RT2 – James Reynolds – Legitimising Transit Priority

RT2 – James Reynolds – Legitimising Transit Priority

Researching Transit – Episode 2

Published: April 2020

Keywords: public transport, transit, public policy, transit priority, legitimacy, incrementalism, bus transit, Curitiba, Melbourne

Transit priority is controversial and its potential to unclog congested roads often goes overlooked. How can cities gain support for implementing priority measures aimed at improving the operation of transit and the efficiency of the road network?

In this episode of Researching Transit, James Reynolds of Monash University’s Public Transport Research Group explains the notion of incrementalism in the context of transport planning. Mixing engineering with public policy has allowed James to recognise that technical solutions without political will are destined to languish.

“It’s not just the amount of [transit] priority that matters, but the legitimacy, and how much is legitimate”.

James offers three main approaches – and some pragmatic strategies – to achieve legitimacy in transit priority. Drawing on case studies from Toronto, Melbourne and Curitiba, James explains how transport planners are already achieving success by using these pragmatic strategies to implement transit priority, and that the missing element has largely been a lack of links to public policy analysis and legitimacy theory, which provide the formal language and understanding to describe these types of approaches in transport planning.

For more on transit priority and related public policy research, James recommends:

  • Marsden and Reardon (2017) Questions of governance: rethinking the study of transportation policy, discussion to much techno-rationalism, and a lack of engagement with social sciences and politics, in transport research;
  • Lindblom (1959) The science of “muddling through”, on incrementalism
  • Lindblom (1979) Still muddling, not yet through, refining incrementalism into three types
  • Reynolds et al. (2017) Moving beyond techno-rationalism: new models of transit priority implementation, applying public policy analysis to transit priority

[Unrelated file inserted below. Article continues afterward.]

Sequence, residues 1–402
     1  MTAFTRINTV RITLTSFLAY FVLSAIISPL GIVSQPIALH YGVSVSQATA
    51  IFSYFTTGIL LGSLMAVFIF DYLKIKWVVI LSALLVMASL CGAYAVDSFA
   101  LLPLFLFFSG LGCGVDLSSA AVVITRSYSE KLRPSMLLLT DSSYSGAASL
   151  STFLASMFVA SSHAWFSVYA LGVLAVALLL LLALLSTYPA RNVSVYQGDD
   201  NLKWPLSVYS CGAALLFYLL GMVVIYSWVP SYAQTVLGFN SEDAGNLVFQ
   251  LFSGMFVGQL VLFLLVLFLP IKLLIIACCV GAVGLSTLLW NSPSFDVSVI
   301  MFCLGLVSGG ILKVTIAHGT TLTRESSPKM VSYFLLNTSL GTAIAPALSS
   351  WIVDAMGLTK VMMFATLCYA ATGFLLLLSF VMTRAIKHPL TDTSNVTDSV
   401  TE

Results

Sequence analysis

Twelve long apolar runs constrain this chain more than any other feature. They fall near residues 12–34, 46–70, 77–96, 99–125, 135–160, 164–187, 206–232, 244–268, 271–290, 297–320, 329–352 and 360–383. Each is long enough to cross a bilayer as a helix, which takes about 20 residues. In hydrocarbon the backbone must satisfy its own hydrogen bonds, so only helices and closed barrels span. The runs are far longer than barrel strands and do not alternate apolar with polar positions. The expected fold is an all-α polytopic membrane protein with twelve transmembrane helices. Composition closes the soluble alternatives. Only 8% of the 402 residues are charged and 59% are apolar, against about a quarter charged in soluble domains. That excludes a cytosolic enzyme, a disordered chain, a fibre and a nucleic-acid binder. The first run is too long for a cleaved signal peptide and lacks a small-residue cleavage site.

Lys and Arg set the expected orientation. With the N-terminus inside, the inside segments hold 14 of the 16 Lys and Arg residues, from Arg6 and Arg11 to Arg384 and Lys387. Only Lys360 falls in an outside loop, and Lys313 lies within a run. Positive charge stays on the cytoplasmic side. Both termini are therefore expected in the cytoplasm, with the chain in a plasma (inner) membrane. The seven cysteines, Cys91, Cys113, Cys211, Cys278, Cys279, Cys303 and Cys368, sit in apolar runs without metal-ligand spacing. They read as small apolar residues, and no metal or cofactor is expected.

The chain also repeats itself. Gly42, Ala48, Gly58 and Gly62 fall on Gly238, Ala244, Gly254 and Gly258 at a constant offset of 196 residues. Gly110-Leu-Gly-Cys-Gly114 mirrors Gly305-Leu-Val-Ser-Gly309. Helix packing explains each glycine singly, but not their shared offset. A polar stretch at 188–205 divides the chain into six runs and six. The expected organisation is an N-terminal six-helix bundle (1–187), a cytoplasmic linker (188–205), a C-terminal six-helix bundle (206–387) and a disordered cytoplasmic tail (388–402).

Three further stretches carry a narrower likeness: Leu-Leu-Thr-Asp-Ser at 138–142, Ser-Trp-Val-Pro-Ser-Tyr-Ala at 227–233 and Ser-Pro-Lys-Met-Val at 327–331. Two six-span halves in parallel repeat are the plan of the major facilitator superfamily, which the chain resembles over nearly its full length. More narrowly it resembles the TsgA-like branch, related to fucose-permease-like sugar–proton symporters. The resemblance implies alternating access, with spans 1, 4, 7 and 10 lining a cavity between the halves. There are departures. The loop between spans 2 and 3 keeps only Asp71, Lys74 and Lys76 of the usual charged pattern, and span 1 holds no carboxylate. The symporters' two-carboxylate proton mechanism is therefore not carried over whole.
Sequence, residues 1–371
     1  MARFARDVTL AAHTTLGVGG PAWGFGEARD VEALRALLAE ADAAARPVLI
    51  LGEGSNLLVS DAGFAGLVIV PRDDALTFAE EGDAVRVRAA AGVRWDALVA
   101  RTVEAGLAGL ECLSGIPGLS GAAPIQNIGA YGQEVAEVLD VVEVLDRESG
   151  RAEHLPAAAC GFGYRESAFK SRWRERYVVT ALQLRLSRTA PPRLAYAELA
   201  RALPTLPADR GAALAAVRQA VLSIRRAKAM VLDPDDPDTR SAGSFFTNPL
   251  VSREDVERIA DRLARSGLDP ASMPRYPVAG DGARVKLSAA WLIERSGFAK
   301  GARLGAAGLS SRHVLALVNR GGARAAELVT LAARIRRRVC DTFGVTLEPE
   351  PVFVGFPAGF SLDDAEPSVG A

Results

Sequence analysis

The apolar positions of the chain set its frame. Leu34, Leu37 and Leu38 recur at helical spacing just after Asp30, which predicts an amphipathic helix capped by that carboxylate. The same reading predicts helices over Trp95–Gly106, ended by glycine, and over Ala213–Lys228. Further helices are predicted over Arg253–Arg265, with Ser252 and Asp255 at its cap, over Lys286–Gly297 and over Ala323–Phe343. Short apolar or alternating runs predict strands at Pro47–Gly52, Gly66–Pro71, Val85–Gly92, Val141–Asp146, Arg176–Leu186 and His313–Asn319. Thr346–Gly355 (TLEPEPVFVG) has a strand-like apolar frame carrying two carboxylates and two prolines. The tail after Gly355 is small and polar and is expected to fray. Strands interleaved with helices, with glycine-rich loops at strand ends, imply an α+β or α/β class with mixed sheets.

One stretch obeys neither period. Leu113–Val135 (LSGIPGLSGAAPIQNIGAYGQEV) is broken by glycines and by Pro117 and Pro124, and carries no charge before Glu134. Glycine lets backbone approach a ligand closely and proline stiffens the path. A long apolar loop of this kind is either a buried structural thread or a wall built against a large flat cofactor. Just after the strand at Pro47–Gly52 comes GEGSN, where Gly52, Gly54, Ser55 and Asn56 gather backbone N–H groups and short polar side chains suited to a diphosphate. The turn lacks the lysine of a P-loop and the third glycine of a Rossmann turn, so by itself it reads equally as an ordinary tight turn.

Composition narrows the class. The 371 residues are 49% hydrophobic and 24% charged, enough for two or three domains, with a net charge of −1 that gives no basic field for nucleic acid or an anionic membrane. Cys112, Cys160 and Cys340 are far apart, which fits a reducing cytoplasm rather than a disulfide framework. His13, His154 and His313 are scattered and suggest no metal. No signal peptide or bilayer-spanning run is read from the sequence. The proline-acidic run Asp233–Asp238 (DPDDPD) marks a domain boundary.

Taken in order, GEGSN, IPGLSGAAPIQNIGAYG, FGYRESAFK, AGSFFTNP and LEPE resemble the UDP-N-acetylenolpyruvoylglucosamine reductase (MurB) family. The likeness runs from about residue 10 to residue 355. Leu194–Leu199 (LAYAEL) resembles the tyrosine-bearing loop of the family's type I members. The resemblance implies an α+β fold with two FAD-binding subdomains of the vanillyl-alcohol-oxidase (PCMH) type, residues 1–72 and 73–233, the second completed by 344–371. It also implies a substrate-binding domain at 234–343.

• Reynolds et al. (2018) Top-down versus bottom-up perspectives on streetcar priority, comparing the effectiveness of different policy implementation approaches in Melbourne

Videos of presentations about the research:

  • PTRG Transport Research Series: on pragmatic strategies for practitioners.
  • PhD project final review seminar: on three main approaches: (1) building legitimacy before implementation; (2) avoiding impacts on other road users; and (3) building legitimacy through implementation; and eight pragmatic strategies
  • Learn more about the three different roles for public transport in a city’s transport policy of:
  1. providing for social transport needs,
  2. peak-period congestion relief, and/or
  3. as a replacement for the car; in a chapter by Professor Graham Currie (2016) in Handbook on transport and urban planning in the developed world.

Researching Transit is brought to you by the Public Transport Research Group, part of the Institute of Transport Studies in the Monash University Department of Civil Engineering.

Theme music for this episode is from https://www.purple-planet.com

  • Date April 12, 2020
  • Tags Australasia, Bus, Bus Rapid Transit, Bus/Tram Priority, James Reynolds, Melbourne, Planning, Planning, Podcast, Right Of Way, South America, Tram/Light Rail